This guide is one of a column series that invites Adventist readers to reflect on important classics of the Christian spiritual tradition. Each guide provides a brief biography of the classic’s author, a section on historical context, a short outline of the classic under discussion, reflection and analysis, and questions for personal spiritual reflection.
Biography of Julian
Julian, a mystic and anchoress, was born in 1342, possibly in Norwich. Nothing is known of her family. Her name was probably taken from church records and no one is certain if it was Juliana or Julian. She may have had some connection with the Benedictine nuns at Carrow Abbey and possibly some education there. It is unlikely that she was a nun, but she was obviously a devout woman.
Julian, in her search for God, prayed three prayers. Her first prayer was for understanding
of the passion of Christ, not merely on an intellectual level, but at a level of personal participation. Her second prayer was for a physical illness so severe that she herself and those around her would think she was dying. Her third prayer was for “three wounds”: true contrition, loving compassion, and full-hearted longing for God.
Julian’s prayers were answered at the age of thirty through an unusual and unexplained illness. When it seemed she was at the point of death, Julian received a series of visions of Christ on the cross. She felt herself to actually be at the foot of the cross with Mary and other women. The visions, referred to by Julian as “showings,” occurred over a course of hours. Soon thereafter, she transcribed what she had seen in the short version of Revelations of Divine Love. Julian spent the next twenty years contemplating those visions, eventually writing the long version of the same volume and becoming the first woman to write a book in the English language. It may have been at this time that she became an anchoress.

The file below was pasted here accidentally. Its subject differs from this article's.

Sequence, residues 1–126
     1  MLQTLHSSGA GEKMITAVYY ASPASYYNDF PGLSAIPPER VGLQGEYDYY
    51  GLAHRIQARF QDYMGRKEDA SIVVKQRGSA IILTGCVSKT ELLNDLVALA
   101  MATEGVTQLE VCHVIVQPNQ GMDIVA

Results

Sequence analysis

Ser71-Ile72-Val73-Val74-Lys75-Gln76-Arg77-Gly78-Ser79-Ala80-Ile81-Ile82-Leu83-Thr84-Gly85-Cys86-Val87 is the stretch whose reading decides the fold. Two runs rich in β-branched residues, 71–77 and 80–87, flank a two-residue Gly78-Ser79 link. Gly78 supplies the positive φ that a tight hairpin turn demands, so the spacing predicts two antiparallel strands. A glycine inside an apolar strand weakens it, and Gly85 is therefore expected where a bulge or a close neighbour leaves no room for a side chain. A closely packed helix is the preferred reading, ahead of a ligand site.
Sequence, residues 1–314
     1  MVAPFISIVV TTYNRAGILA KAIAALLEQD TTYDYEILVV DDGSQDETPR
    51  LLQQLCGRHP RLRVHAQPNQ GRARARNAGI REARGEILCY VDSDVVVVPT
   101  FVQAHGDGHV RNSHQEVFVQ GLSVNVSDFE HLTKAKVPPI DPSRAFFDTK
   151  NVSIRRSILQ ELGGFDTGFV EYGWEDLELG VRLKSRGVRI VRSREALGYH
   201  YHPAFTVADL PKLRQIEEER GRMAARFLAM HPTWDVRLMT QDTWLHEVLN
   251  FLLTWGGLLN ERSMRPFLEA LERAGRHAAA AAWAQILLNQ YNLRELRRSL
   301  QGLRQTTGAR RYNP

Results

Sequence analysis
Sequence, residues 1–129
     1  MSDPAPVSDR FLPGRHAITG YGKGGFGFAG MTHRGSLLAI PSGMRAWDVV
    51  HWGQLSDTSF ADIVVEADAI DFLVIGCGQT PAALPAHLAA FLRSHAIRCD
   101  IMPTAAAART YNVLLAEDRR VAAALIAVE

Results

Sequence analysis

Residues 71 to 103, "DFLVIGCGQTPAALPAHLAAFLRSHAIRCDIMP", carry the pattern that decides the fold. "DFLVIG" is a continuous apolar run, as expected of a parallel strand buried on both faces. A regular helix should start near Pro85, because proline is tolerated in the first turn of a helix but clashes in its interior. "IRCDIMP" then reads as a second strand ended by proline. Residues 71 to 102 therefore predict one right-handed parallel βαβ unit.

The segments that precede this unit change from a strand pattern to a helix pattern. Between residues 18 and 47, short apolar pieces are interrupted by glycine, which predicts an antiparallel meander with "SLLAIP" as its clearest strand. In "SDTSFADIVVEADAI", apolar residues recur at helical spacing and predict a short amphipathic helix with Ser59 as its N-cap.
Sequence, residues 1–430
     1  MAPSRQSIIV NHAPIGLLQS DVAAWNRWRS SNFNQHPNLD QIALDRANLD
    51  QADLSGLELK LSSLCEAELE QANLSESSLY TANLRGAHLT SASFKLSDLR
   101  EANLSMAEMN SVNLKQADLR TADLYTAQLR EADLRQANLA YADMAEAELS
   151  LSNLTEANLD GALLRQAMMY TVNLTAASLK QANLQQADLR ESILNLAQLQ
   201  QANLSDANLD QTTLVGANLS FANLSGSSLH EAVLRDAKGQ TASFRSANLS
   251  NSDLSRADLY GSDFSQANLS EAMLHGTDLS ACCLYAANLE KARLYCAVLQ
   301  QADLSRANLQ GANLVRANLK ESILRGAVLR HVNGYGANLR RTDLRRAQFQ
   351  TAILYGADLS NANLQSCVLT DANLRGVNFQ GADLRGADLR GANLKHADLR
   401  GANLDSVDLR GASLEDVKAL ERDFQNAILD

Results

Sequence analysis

As an anchoress, Julian retired from the world to live in an enclosure – anchorhold – in the side of a church. Following the pattern of the early desert fathers and mothers, Julian set herself apart from the world to live a life of prayer and communion with God. Through the openings in her enclosure, she would communicate with a priest for confession, with her spiritual director, and with people of the village who came to her for spiritual counsel and guidance. She herself does not refer to spiritual direction, but it can be assumed that she engaged in the process (as both directee and director), as this was common among anchorites and anchoresses of her day. 1.
Julian lived during a period of significant change in the church and in Europe. From the fourth century until the fourteenth century, Christendom had been the unifying force of Western Europe. At the beginning of the fourteenth century the monarchies of England and France progressed in asserting state power. They were at odds with each other over land issues. To finance their campaigns, both monarchs decided to begin taxing the clergy. The pope thought the church’s revenues should be exempt from state assessments. He rebelled by issuing the most extreme assertion of papal power in all of church history, declaring that every human being was subject to the Roman pontiff. So while the empire declined, papal sovereignty diminished as well. All in all, the fourteenth century was filled with turmoil. While Julian lived through this turmoil, she never directly addressed any public, church, or personal issues.